Steven Allain Amphibian and reptile surveys, Cambridgeshire
All over the world devoted individuals are doing their bit by volunteering to be involved with wildlife. Jo Price meets Cambridgeshire’s online amphibian and reptile records verifier.
Steven Allain surveys amphibians and reptiles in Cambridgeshire
Steven has been volunteering for the Cambridgeshire and Peterborough Amphibian and Reptile Group (CPARG) for five and a half years. He will soon start his PhD on snake fungal disease in grass snakes but still finds time to survey amphibians and reptiles, organise outreach events, train new volunteers and provide wildlife advice to local people.
“Aside from monitoring a number of populations over a long period of time, our ongoing major project is to study the non-native midwife toad in Cambridge,” he explains. “My proudest moment as a volunteer was locating the population after three years of hearsay.”
Working with local residents, the herpetologist gained access to gardens to survey the species and swab individuals for chytrid disease: “Luckily none of the toads have yet tested positive but our fear is that they may pass the disease onto our native amphibians.”
Steven mainly works within Cambridge and the surrounding area: “Unfortunately, the county is pretty devoid of reptiles (except for grass snakes) but that doesn’t stop us trying our best to conserve the few populations that we do have,” he says. “These animals have suffered major declines since the 1950s due to loss of habitat and intensive agricultural practices.”
The naturalist has always been passionate about cold-blooded creatures. “They are a major part of many ecosystems and provide us with a number of services, including pest control,” he explains. “We would certainly notice if they all disappeared.”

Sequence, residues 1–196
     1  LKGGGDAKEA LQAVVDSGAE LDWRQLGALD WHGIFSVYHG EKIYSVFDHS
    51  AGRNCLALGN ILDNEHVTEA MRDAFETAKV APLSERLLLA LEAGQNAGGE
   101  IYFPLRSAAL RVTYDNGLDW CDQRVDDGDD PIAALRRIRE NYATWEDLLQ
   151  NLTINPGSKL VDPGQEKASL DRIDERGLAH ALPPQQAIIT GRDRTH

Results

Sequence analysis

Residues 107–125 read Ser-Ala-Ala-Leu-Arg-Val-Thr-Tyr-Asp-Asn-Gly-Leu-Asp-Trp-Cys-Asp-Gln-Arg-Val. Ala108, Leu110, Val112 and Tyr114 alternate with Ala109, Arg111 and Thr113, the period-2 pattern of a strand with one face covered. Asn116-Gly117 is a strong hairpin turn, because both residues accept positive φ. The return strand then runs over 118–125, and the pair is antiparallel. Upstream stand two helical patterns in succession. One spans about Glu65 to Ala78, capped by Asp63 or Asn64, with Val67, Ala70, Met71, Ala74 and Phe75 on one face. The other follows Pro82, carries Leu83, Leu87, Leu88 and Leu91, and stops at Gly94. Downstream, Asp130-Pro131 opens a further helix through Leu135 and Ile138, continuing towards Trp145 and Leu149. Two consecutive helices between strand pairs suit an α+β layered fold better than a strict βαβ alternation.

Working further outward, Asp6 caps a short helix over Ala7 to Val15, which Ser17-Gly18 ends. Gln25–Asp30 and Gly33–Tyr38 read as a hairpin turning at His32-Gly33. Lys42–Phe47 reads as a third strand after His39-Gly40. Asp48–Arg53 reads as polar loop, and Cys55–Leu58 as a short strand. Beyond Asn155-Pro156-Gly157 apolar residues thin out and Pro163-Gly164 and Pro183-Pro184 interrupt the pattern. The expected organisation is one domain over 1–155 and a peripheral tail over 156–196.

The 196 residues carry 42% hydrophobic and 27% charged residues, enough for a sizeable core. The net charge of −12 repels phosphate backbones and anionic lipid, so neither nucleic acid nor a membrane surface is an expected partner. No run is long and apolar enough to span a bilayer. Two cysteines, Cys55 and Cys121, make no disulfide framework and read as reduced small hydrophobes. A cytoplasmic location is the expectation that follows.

Despite amphibians and reptiles being active only between February and October, the CPARG chairman is busy all year. “When they’re hibernating, I’m arranging volunteer days to improve habitats in woodland, grassland and ponds for them to breed in when they emerge. A number of improvements we made last year benefitted species like the great crested newt and common lizard.”
Aside from gaining localised recognition for his work and providing surveying equipment for CPARG, Steven has published more than 12 scientific papers on his volunteering work in the county with more to follow.
In addition to his current responsibilities, he will soon start conducting reptile surveys for the British Trust for Ornithology (BTO) in Norfolk. “No matter where I find myself in the future I’ll be spending some of my time helping wildlife,” he says. “We all have a moral obligation to look after the planet we have found ourselves hurtling through space on.”
My proudest moment was locating the population after years of hearsay.
Herpetologist Steven is on a mission to improve habitats for reptiles and amphibians.